The first Congress meets in Philadelphia, 240 years ago today

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On September 5, 1774, the first Congress in the United States met in Philadelphia to consider its reaction to the British government’s restraints on trade and representative government after the Boston Tea Party raid.

The group of colonial luminaries didn’t meet in what is now called Independence Hall. Instead, delegates selected by colonial legislatures met next door in a building called Carpenters’ Hall, which had just been constructed. The Pennsylvania State House (which we now call Independence Hall) was already occupied by the Pennsylvania provincial assembly.

The delegates gathered on the morning of September 5 at Philadelphia’s City Tavern, near Benjamin Franklin’s home. Franklin had remained in England and he would deliver a petition from the First Congress to King George III in late 1774. The group then walked over to Carpenters’ Hall to inspect the meeting room.

“They took a view of the room, and of the chamber where is an excellent library… The general cry was, that this was a good room, and the question was put, whether we were satisfied with this room? and it passed in the affirmative,” said John Adams.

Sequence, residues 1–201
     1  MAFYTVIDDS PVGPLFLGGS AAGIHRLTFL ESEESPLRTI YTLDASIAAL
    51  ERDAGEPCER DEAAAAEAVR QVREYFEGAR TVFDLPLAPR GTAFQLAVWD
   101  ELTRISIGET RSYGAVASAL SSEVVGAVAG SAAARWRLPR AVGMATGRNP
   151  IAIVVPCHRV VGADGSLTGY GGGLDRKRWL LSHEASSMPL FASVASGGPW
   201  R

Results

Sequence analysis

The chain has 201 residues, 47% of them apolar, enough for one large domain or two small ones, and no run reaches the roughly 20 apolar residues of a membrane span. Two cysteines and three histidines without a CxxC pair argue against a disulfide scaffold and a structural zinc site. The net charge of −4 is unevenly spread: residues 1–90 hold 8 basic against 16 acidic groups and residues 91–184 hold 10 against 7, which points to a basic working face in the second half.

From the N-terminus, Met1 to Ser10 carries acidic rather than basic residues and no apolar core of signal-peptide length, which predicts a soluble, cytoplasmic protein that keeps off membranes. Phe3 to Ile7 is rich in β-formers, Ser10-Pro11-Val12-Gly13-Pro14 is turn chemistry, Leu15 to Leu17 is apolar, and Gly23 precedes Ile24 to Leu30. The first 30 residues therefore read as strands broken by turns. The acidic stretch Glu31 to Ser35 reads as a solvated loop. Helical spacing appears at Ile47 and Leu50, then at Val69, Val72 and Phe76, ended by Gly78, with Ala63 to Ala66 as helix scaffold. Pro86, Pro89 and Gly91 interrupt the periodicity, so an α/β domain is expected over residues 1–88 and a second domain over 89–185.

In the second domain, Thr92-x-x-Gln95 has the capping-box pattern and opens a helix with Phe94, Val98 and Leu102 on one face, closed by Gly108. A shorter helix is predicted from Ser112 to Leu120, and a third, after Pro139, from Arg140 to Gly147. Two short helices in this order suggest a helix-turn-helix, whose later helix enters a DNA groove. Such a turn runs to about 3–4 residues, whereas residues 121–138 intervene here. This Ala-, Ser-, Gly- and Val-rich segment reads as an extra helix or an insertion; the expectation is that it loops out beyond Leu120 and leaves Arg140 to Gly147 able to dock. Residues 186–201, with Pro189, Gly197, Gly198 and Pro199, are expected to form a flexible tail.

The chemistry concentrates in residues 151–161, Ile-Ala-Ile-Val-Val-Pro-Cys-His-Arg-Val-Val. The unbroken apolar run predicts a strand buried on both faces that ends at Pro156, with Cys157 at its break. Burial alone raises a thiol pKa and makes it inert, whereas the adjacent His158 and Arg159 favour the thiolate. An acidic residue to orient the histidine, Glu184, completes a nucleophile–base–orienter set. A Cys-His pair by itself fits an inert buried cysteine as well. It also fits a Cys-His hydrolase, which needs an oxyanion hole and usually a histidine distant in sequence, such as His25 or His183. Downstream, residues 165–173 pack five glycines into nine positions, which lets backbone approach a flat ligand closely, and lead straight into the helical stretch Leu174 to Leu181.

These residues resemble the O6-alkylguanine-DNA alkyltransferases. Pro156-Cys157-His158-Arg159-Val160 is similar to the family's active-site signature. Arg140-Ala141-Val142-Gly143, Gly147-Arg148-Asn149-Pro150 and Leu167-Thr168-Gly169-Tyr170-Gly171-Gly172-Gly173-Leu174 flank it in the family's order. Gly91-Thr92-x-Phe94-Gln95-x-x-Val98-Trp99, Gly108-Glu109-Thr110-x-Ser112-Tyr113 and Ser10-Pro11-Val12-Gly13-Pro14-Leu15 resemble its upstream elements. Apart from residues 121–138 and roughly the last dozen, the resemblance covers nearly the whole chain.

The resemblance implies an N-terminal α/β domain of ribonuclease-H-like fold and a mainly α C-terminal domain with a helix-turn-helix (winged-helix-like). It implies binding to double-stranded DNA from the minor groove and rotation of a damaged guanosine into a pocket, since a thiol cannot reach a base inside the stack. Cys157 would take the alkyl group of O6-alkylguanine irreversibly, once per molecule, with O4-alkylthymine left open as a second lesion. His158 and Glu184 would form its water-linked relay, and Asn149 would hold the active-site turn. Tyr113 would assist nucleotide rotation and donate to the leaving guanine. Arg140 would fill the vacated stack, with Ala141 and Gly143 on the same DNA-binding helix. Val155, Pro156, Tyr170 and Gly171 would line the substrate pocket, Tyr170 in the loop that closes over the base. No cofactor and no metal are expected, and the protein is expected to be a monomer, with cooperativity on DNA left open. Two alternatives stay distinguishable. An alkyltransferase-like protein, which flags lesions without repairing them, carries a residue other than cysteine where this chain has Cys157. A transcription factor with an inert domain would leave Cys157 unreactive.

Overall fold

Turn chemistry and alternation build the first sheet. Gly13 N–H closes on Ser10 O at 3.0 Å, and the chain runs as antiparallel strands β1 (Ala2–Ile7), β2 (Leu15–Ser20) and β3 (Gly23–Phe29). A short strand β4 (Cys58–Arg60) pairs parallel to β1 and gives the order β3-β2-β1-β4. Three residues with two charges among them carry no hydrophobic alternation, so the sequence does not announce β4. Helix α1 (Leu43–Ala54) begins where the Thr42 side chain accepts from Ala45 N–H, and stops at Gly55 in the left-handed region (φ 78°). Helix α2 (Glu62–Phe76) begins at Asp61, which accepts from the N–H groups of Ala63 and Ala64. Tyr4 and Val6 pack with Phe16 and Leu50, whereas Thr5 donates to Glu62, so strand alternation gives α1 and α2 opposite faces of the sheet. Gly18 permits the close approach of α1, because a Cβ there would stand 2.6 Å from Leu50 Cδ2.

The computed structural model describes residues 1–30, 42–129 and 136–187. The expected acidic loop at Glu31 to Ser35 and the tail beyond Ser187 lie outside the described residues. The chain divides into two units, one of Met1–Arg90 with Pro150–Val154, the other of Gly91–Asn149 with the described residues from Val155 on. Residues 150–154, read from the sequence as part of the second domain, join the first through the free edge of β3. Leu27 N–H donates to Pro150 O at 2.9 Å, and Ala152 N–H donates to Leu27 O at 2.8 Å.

In all, 56 delegates from 12 colonies came to Philadelphia for the meeting to address the Coercive or Intolerable Acts. The laws were meant as punishment for the activities of the Boston Tea Party, but they affected all of the 13 colonies.

Full Story:  The first Congress meets in Philadelphia, 240 years ago today.

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About Kenneth Lipp

Kenneth is a writer and researcher. He’s from Alabama, and will not apologize for it. He moved to Pennsylvania in 2012, but has been in love with Philadelphia since a late-night stroll down Ben Franklin Parkway to the Art Museum in July of 2011 with the love of his life. He is interested in telling Philadelphia’s dynamic and absolutely unique stories with the zeal of a constantly enamored newcomer. Kenneth is also passionate about government transparency and protection of whistleblowers, most notably PFC Chelsea Manning. His research and reporting on law enforcement and surveillance have been featured in various publications, including Rolling Stone (Meet the Private Companies Helping Cops Spy on Protesters) and Popular Science (Boston Tested Crowd-Watching Software That Catalogues People's Skin Color). His training is in both genetics and history and he likes the joke about being a helicase and unzipping your “genes.” He’s driven to know, and thinks you can handle, the truth. Follow him on Twitter @kennethlipp.

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